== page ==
VA Health Care:

Inadequate Controls over Addictive Drugs

HRD-91-101: Published: Jun 6, 1991. Publicly Released: Jun 19, 1991.

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Pursuant to a congressional request, GAO examined how Department of Veterans Affairs (VA) pharmacies controlled prescription drugs that were potentially addictive and assessed VA procedures for: (1) safeguarding those prescription drugs; and (2) detecting thefts of such drugs for personal use or resale.

GAO found that: (1) VA had inadequate internal controls over many addictive prescription drugs used in its health care system; (2) drugs were categorized, based on their potential for abuse or addiction, in one of five groups or schedules, with the lower schedules having the highest potential for abuse; (3) VA required its hospital directors to report thefts and significant losses of scheduled drugs to the Drug Enforcement Administration; (4) working stocks of lower scheduled drugs were at significant risk of theft, given the large numbers of pharmacy employees and others who routinely had access to the drugs; (5) of the nine pharmacies visited, only one locked up all lower scheduled drugs; (6) VA required each pharmacy to maintain an internal audit system that included unannounced inspections of higher scheduled drugs; (7) VA required pharmacies to maintain drug receipt and dispensing records and to make annual counts of all lower scheduled drugs, but did not require reconciliation of the records with the physical counts of those drugs; and (8) lack of inventory controls hampered theft detection and investigation, making it impossible to know the magnitude of lower scheduled drug losses.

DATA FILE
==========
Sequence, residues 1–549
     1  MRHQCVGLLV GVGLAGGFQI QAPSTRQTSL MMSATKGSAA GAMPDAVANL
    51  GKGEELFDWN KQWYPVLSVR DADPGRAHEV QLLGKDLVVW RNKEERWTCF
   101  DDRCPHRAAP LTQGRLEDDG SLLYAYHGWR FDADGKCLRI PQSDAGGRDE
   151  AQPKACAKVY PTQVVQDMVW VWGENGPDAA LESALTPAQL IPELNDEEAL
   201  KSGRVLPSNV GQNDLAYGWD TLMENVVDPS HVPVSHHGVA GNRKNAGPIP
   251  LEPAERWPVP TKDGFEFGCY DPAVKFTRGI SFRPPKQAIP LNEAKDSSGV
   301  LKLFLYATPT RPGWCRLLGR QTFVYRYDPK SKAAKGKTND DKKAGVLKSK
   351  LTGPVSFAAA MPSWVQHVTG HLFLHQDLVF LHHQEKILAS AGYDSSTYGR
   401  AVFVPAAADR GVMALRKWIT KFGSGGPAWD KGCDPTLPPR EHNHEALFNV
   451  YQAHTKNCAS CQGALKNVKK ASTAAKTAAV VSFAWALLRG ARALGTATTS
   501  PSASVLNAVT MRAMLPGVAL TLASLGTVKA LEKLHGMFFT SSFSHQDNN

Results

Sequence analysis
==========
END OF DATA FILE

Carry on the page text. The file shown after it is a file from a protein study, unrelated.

Recommendations for Executive Action

  1. Status: Closed - Implemented

    Comments: VA included this issue in its 1991 FMFIA report and published a circular addressing this issue. After additional review, GAO determined that the recommendation is being adequately implemented.

    Recommendation: The Secretary of Veterans Affairs should report inadequate internal controls over lower scheduled drugs as a material weakness in his 1991 Federal Managers' Financial Integrity Act (FMFIA) report. To address this weakness, the Secretary should direct pharmacy managers to store and dispense lower scheduled drugs in locked areas that are accessible to only a minimum number of authorized employees.

    Agency Affected: Department of Veterans Affairs

  2. Status: Closed - Implemented

    Comments: VA included this issue in its 1991 FMFIA report and published a circular addressing this issue. VA has issued a new chapter in the VHA Manual M-2 "Clinical Affairs," which provides new requirements for lower-scheduled drugs, including periodic inventory inspections.

    Recommendation: The Secretary of Veterans Affairs should report inadequate internal controls over lower scheduled drugs as a material weakness in his 1991 Federal Managers' Financial Integrity Act report. To address this weakness, the Secretary should direct pharmacy managers to inspect supplies of lower scheduled drugs periodically, using receipt and dispensing records, so that potential drug losses are detected in a timely manner.

    Agency Affected: Department of Veterans Affairs

 

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